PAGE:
The origin of the English White is lost in obscurity, but it was acknowledged as the most fragile of the terriers, the least useful as a working dog (most terriers were ratters or even flushed foxes from their holes). The English White was notably a bold and fierce little rascal but not sturdy enough for hard work. So it was most commonly a lap dog for women, and a bar-dog for drunkards who wanted a little pal to show off in the pubs. They were the "purse dogs" of their day.

Although the origin of the English White is not known, it's believed to have been developed from the fox terrier crossed with Italian greyhound and with the Toy Bull Terrier. There is some question about whether the Toy Bull and the English White were justifiably distinct breeds, both having the same tiny size, molera issues, and bred for pure white fur. Both varieties were prone to deafness due to a recessive gene connected to the purest white furs, and after a period of extreme popularity both were allowed to die out, all specimens by the 1890s reportedy "unfortunate" in health and stamina.

Records of important dog shows in and near London in the 1860s reveal that for a while, three distinct sizes of the English White were recognized, including a category under six pounds weight, with the "large" standard being no more than 14 pounds, and an intermediate "miniature." This division into three sizes was later reversed, for like the modern chihuahua, dogs of differing sizes could arise even from a single litter.

The first imported chihuahuas were not so small as the smallest English Whites or the smallest Toy Bulls. Chis were rendered smaller when outcrossed. The English White originally had a long "deer" head but, and the Toy Bull initially a broad head, but both had a tendency to produce what we today call "applehead" in chihuahuas, with associated and signal health concerns for those with round heads. They are probably the origin of the modern applehead chihuahua, which is long predated by the deerhead chihuahua.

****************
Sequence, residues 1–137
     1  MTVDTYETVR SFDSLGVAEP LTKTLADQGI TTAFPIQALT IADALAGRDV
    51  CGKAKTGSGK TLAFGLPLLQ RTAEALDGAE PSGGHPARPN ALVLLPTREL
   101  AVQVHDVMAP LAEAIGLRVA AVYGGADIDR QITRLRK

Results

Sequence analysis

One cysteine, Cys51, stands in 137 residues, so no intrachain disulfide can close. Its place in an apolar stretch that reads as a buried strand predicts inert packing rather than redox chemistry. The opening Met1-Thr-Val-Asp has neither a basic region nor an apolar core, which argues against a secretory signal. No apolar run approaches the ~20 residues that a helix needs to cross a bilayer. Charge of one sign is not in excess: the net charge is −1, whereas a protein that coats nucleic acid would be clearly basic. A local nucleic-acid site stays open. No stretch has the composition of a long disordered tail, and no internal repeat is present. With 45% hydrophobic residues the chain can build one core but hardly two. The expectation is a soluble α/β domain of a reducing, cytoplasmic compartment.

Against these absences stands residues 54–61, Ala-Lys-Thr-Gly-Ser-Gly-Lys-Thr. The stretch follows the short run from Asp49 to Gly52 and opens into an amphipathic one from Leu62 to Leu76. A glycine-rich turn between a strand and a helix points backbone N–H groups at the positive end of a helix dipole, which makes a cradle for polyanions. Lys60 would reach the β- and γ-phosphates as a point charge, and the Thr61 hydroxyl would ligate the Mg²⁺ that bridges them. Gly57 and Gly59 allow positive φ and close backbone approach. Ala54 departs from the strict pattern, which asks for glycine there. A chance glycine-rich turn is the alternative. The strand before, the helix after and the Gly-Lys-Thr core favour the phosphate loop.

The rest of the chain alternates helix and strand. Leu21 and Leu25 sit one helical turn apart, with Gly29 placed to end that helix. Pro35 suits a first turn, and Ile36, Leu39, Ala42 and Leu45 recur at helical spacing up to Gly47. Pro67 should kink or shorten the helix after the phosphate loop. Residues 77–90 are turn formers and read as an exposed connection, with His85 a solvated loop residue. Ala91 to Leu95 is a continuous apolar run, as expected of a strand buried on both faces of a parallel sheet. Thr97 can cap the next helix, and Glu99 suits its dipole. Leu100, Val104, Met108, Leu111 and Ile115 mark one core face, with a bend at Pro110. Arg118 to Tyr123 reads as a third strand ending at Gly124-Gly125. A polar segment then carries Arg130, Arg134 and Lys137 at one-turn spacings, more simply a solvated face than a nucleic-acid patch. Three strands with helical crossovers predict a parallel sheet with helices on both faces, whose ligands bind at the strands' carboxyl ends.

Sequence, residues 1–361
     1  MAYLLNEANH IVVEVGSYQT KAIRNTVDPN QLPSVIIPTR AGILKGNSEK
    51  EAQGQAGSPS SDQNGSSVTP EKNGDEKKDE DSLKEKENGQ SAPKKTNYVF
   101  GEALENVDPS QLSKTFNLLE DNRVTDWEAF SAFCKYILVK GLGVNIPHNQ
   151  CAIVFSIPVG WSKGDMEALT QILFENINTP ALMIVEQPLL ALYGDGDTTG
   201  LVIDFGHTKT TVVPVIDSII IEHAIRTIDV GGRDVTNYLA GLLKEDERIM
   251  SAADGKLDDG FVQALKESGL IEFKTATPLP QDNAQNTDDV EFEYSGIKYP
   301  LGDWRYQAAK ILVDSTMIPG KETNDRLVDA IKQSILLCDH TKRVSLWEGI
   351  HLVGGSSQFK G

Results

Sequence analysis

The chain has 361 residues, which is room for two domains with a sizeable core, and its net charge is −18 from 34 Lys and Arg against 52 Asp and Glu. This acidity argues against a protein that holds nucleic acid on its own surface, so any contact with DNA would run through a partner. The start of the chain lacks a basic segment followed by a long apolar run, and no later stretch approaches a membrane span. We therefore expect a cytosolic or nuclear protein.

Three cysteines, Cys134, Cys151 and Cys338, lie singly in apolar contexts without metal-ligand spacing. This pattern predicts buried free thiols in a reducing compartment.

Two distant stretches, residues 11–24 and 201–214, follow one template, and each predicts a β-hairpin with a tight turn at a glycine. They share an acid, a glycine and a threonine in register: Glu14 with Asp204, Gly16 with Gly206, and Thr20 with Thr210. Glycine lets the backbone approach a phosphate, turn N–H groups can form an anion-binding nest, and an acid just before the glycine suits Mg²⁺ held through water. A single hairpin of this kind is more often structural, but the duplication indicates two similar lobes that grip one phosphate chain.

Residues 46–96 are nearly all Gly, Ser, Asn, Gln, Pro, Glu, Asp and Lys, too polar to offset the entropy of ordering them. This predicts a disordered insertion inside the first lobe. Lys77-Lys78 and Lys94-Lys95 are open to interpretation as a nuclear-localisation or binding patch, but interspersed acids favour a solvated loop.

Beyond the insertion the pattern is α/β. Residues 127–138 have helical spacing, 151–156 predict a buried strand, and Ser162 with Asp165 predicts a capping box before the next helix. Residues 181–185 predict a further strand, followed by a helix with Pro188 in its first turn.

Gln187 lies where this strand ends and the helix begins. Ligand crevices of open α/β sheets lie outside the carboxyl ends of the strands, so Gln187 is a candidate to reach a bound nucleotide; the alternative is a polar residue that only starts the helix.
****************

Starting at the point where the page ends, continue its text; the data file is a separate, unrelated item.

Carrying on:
By century's end English White and Toy Bull terriers were dying out, and the original deerhead chihuahua had developed "preferred" (as show dogs) appleheads whose skulls' molera were extremely slow to close up, as had been the case with the smallest roundest-headed Toy Bulls and the English Whites. Further outcrossing was done between chihuahua and the English Toy Terrier from which the tri-point Manchester terrier arose, always in the quest for smallness and with the hope of doing away with fragility.

The Manchester was developed from the Black-and-Tan Terrier, aka English Toy Terrier. A Victorian portrait of three dogs reproduced in-text shows an English White and English Black-and-Tan side by side, and a smaller black-and-tan seated on furniture. The smaller is not a pup; the black-and-tan, like the pure English White, had no clearly standardized size other than small, smaller, and smallest.

The health issues, including deafness, were associated with the white coloring, so the tri-point or black-and-tan terriers survive to this day and tend to be healthy dogs. But selection for pure white fur lacking even the occasional dark markings (which existed in every litter) meant an increasing percentage of the pure white terriers were hard of hearing or deaf as stones.

Even people who didn't mind a fragile lapdog didn't want a deaf one, and at last the breed were permitted to die out for loss of popularity. And yet some of the issues remain with us in the chihuahua and the continuing incidental malice of breeders who'll swear up and down they breed for health but really breed for size and shape.

The ideal English White Terrier was supposed to have a long and narrow head with flat top. The tendency in the breed to produce thicker rounder skulls disqualified them as show-class, due to the open molera associated with rounder heads.

The smallest English Whites apparently were most prone to round heads, and a Victorian color painting of a specimen, depicted with a couple coins to give a sense of size (and reproduced below), has the rounder head, lacks the sleeker body, and looks awfully much like an overweight chihuahua (except for its ears which, illegally, have been clipped).